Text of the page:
answered by Amanda Colburn G2G1 (1.6k points)
+10 votes
Inbreeding is extremely common in smaller populations. Examples include the initial settlers in Iceland, French Canada and New England.

If you're interested in a measure of the inbreeding in your family, check out the tool at  https://apps.wikitree.com/apps/nelson3486/brickwalls/ ..

This tool finds brickwalls, but also measures pedigree collapse. Pedigree collapse measures how much inbreeding  reduced the number of distinct ancestors in your family tree.

 For example, in one part of a family I’m researching,  “36.93% of ancestors are duplicates due to pedigree collapse.”

More than one or two cousins had to marry to get a number like that.
answered by Jim Wiborg G2G6 (7.5k points)
That's true.  For me it starts happening about the 10th generation out. Makes sense. Colonial populations were small in Quebec and in Mass/NH at the time.

I haven't counting all of the collapses. There's a fair bit in Quebec. But you know even Einstein married his cousin and it isn't like Game of Thrones. At least I hope not.
+8 votes
As an interesting twist:  sisters and brothers marry sisters and brothers.  

William m. Sophia B. his sister Anne m. Sophia's brother James;

Eliza Jane m. Ezekial Day; her sister Hanna m. Ezekial's brother Daniel;

Maybe people met at a wedding or dance?  Who knows?
answered by Janine Barber G2G6 Pilot (126k points)
That happened a lot in my early ancestors, too.
I have several cases of that in my family. My grandfather, Robert Franklin, his brother (William Edward), and a half-uncle (Robert T.) married the Profitt sisters.

My 3x grandfather and his brother married the Gorman sisters.  Eventually, the double first cousins, William and Malinda Alexander, married each other.

In the Hughey family, Christopher and his brother Allen married the Stinson sisters--Martha Jane and Sarah Ann.  Christopher's son Frederick married Allen's daughter, Sarah, about 1908.

Much earlier four of Robert Hugheys children married four of Martin Waggoner's children.
+6 votes
I have way too many, my family on Saint-Barthélemy married cousins all the time since there was only a few families that migrated there.

We have a saying on my Island back in the US Virgin Islands, if you have French roots you are cousins. Needless to say we do not date other people of French descent.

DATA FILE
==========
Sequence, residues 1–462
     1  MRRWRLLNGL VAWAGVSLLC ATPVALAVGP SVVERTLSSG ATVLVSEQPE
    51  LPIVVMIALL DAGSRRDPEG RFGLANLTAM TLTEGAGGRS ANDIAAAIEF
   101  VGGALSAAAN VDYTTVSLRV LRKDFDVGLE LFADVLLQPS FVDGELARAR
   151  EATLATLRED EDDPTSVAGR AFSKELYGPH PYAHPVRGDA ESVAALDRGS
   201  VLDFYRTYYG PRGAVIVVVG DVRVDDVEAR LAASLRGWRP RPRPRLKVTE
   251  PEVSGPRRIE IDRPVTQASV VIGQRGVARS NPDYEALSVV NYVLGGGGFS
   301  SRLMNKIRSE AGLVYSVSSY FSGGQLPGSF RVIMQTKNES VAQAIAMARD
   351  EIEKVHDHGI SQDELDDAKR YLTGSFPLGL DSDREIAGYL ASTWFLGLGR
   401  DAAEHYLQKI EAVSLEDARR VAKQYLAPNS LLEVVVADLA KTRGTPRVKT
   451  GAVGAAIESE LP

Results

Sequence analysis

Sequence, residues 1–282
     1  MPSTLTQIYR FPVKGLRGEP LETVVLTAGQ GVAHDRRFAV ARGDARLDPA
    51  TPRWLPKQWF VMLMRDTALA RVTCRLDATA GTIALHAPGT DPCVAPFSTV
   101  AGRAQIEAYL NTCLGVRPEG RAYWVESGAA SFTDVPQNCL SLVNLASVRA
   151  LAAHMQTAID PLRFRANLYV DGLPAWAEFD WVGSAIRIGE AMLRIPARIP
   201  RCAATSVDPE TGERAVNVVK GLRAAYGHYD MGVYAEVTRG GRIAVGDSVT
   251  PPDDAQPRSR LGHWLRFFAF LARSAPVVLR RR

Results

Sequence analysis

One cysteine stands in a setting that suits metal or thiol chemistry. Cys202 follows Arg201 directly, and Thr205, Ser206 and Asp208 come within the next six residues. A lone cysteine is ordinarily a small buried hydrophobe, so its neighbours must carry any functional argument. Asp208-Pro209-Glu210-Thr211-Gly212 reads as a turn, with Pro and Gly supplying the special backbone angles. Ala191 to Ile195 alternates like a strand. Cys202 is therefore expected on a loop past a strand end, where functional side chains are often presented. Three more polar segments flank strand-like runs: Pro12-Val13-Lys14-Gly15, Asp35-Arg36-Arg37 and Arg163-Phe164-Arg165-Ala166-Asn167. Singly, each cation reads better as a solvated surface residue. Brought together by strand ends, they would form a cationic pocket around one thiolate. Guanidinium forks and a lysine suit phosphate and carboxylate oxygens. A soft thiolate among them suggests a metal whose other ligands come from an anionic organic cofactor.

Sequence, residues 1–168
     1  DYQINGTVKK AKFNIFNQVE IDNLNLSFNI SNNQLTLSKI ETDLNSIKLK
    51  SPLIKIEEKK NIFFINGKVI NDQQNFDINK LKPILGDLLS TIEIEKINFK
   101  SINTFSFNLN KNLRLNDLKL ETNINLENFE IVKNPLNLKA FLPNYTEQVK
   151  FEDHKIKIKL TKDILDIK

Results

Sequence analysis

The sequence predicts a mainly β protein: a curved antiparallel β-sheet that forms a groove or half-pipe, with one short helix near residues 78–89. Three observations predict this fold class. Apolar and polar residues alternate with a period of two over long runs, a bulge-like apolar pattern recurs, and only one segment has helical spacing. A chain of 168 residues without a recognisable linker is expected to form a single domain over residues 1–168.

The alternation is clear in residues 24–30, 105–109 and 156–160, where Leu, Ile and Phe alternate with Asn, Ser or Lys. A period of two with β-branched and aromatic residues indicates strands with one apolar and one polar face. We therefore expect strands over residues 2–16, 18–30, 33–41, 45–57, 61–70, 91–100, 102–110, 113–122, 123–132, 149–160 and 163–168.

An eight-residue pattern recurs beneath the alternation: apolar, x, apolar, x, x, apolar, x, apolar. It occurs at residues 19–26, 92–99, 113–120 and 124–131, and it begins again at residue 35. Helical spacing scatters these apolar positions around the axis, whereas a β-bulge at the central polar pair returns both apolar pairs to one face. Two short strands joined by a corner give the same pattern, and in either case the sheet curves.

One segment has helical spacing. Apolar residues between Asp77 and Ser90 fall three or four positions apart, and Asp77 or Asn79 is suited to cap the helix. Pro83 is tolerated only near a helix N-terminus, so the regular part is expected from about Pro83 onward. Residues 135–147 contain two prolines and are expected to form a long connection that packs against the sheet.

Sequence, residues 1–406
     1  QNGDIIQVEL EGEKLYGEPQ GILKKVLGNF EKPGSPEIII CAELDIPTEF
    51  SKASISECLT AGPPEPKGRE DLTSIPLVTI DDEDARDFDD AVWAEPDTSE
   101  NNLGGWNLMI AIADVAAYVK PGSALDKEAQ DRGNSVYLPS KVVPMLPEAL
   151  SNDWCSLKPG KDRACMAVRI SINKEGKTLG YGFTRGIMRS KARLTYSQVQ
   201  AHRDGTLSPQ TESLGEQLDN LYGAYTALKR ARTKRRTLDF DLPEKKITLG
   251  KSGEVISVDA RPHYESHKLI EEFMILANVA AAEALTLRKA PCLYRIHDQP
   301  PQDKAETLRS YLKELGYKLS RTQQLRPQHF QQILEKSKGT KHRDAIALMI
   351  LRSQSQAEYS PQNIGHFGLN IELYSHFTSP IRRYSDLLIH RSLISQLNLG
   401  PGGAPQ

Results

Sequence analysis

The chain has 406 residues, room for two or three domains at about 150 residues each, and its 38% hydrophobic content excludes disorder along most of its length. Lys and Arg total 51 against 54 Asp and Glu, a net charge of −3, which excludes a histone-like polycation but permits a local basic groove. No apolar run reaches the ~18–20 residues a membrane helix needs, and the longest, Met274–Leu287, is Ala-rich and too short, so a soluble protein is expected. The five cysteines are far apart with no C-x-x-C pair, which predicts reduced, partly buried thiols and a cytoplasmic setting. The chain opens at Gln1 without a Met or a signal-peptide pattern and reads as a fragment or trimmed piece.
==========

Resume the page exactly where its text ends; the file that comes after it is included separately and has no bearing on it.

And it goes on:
answered by Lynnette Dovy G2G6 Mach 1 (12.7k points)
+4 votes
My dads parents are second cousins. My dad always told me all the Moore's in Kentucky are related. lol

My mom and her sister married brothers. I always thought that was interesting. I just wish I knew how they met.
answered by Dallace Moore G2G6 Mach 2 (28.7k points)
edited by Dallace Moore
+5 votes
My Grandfather Ruurd de Graaf  [[de Graaf-188| Ruurd de Graaf]] and  my Grandmother [[de Graaf-189|Antje de Graaf]].Ruurd and Antje were first cousins  there fathers [[[de Graaf-190|Hendrik de Graaf]] and [[de Graaf-191-Sjoerd de Graaf ]] were sibblins,most of the children of Ruurd and Antje were physically and mentally not very strong
answered by Enoch Stuivenberg G2G6 Mach 2 (24.4k points)
edited by Enoch Stuivenberg
+1 vote
For anyone fascinated by this topic, check out the Royal Egyptian Genealogy website, an exhaustively complete work on the Ptolemaic dynasty of Egypt (the family the famous Cleopatra was from): http://www.tyndalehouse.com/egypt/ptolemies/ptolemies.htm

Any given member of this dynasty must surely have been among the most inbred individuals for whom good documentation exists. Ptolemy XI, for example, was the product of brother-sister incest, so instead of 4 grandparents he had two. Those two grandparents were themselves uncle and niece. Not only that, but Cleopatra III (Ptolemy XI's grandmother) was the product of yet another brother-sister marriage, and her husband, who was her uncle, was therefore the brother of BOTH her mother and father. So really, Ptolemy XI's entire ancestry stems from his great-great-grandparents, Ptolemy V and Cleopatra I. This makes the Spanish Habsburgs seem downright diverse.
answered by Jessica Key G2G6 Mach 5 (57.3k points)
Well now I’ve heard everything! I can’t help but wonder when and where in time things changed. Seems like a bizarre practice to us now, but I can only surmise it wasn’t at one time.
Egyptians practiced incest for a LONG time. A good friend of mine is an Egyptologist, but his focus is Roman Egypt (ie after Cleopatra, and waaaaaay after King Tut. As he puts it, he reads Greek and Latin, not heiroglyphics). Anyway, he told me about some ancient Egyptian court documents he was studying. Some Egyptian Joe Schmo had married his sister, divorced her, and then his sister/ex-wife and their kids continued living in the house with him and his new (unrelated) wife. I think the court case was over property or something. Just imagine how nasty and emotionally fraught a REGULAR divorce is, and then imagine it's your sibling you just divorced AND they're still living in your house. Awkward.